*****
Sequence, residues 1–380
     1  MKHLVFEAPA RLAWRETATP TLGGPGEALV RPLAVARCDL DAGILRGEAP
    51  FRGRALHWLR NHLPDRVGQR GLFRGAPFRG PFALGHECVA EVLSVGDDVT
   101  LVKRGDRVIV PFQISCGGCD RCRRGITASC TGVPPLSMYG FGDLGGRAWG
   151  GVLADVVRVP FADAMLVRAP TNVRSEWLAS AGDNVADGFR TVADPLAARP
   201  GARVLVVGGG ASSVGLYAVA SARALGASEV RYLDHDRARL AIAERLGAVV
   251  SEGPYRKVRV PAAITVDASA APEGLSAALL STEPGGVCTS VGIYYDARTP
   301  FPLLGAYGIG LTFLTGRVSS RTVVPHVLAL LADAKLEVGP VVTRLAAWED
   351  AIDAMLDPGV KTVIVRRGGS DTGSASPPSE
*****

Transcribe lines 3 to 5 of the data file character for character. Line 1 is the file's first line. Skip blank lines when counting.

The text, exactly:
    51  FRGRALHWLR NHLPDRVGQR GLFRGAPFRG PFALGHECVA EVLSVGDDVT
   101  LVKRGDRVIV PFQISCGGCD RCRRGITASC TGVPPLSMYG FGDLGGRAWG
   151  GVLADVVRVP FADAMLVRAP TNVRSEWLAS AGDNVADGFR TVADPLAARP